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Tuesday, December 13, 2011

Creativity: Asset or Burden in the Classroom?

"One of the most consistent findings in educational studies of creativity has been that teachers dislike personality traits associated with creativity. Research has indicated that teachers prefer traits that seem to run counter to creativity, such as conformity and unquestioning acceptance of authority. The reason for teachers’ preferences is quite clear creative people tend to have traits that some have referred to as obnoxious. Torrance (1963) described creative people as not having the time to be courteous, as refusing to take no for an answer, and as being negativistic and critical of others. Other characteristics, although not deserving the label obnoxious, nonetheless may not be those most highly valued in the classroom.
…Research has suggested that traits associated with creativity may not only be neglected, but actively punished. Stone (1980) found that second graders who scored highest on tests of creativity were also those identified by their peers as engaging in the most misbehavior (e.g., “getting in trouble the most”). Given that research and theory suggest that a supportive environment is important to the fostering of creativity, it is quite possible that teachers are (perhaps unwittingly) extinguishing creative behaviors."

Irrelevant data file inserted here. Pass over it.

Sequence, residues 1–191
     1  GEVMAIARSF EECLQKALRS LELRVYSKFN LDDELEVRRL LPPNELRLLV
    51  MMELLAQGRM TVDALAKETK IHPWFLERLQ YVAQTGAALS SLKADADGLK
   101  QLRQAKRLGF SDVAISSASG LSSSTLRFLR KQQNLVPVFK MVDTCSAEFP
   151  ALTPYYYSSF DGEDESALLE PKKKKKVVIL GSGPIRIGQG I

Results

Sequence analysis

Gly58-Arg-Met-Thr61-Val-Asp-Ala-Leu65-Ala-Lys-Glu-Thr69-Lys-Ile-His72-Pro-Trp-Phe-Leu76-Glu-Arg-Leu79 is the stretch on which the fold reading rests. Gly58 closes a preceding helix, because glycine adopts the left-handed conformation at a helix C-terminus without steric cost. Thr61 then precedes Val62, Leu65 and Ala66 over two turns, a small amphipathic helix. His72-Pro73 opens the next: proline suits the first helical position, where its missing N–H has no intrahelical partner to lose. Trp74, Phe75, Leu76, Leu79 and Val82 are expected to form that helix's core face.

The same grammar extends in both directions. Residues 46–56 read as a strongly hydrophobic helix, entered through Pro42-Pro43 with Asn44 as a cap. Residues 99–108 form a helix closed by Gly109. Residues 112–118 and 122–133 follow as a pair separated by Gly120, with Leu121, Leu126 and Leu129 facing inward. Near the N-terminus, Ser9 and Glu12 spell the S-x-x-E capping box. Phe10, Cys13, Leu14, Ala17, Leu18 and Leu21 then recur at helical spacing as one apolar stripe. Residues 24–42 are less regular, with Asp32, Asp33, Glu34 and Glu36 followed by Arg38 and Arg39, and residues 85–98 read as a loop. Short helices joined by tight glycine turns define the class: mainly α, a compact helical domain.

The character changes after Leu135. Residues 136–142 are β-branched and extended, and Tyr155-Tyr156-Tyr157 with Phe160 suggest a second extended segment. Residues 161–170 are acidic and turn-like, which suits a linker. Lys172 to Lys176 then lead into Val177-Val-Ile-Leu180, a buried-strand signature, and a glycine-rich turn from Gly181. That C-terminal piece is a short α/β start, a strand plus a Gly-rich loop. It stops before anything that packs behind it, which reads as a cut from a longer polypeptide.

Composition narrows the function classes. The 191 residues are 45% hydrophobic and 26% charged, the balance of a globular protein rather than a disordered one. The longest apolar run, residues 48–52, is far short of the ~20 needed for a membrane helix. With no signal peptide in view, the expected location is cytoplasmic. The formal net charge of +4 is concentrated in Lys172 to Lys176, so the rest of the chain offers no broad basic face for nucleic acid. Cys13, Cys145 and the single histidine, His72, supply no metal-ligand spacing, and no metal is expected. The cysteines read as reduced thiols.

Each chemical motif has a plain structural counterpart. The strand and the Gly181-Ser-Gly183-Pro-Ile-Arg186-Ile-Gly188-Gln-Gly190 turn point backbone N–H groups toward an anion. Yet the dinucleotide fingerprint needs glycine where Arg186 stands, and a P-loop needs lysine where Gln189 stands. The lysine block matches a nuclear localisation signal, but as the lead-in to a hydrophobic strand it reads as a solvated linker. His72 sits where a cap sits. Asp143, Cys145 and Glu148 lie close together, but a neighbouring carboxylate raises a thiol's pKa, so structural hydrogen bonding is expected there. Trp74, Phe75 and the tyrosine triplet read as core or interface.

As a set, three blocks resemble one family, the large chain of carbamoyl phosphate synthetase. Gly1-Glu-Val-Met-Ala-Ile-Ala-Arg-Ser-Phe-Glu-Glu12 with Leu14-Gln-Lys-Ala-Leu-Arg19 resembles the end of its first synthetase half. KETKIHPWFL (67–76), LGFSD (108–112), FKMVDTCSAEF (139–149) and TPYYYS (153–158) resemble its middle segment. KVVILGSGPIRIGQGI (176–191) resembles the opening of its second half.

Creativity: Asset or Burden in the Classroom? (1995) Creativity Research Journal 8(1): 1-10



Comment: I've got mixed feelings about emphasis on "creativity" in education. Clearly it is an important attribute, but at its worse, education based around "creativity" is part of the cult of the individual afflicting society at present. Are we really doing the best for students by giving them such a self-centred view?



1 comment:

  1. I have always tried to foster creativity, as much as one can in a fact-rich environment like microbiology and molecular biology - and it CAN be hard, fielding the incessant questions that come as the kids loosen up.

    But it's essential - really. In the spoon-fed environment that is our supposedly (and possibly your) research-led teaching space, the easy thing is to default to a textbook (possibly even AJ Cann's excellent offering B-), and do multiple choice questions, marked by computer.

    The HARD thing is to do problem-based learning, with students coming up with their own solutions to often quite thorny issues. Imaginative solutions, sometimes!

    Of course, we get 'em, in the South African environment, after the creativity and spark has been pretty well drilled out of them. And ESPECIALLY the lower-income kids, who might benefit most.

    So nurture those little blooms...they may end up achieving better than you do - and remember you fondly B-)

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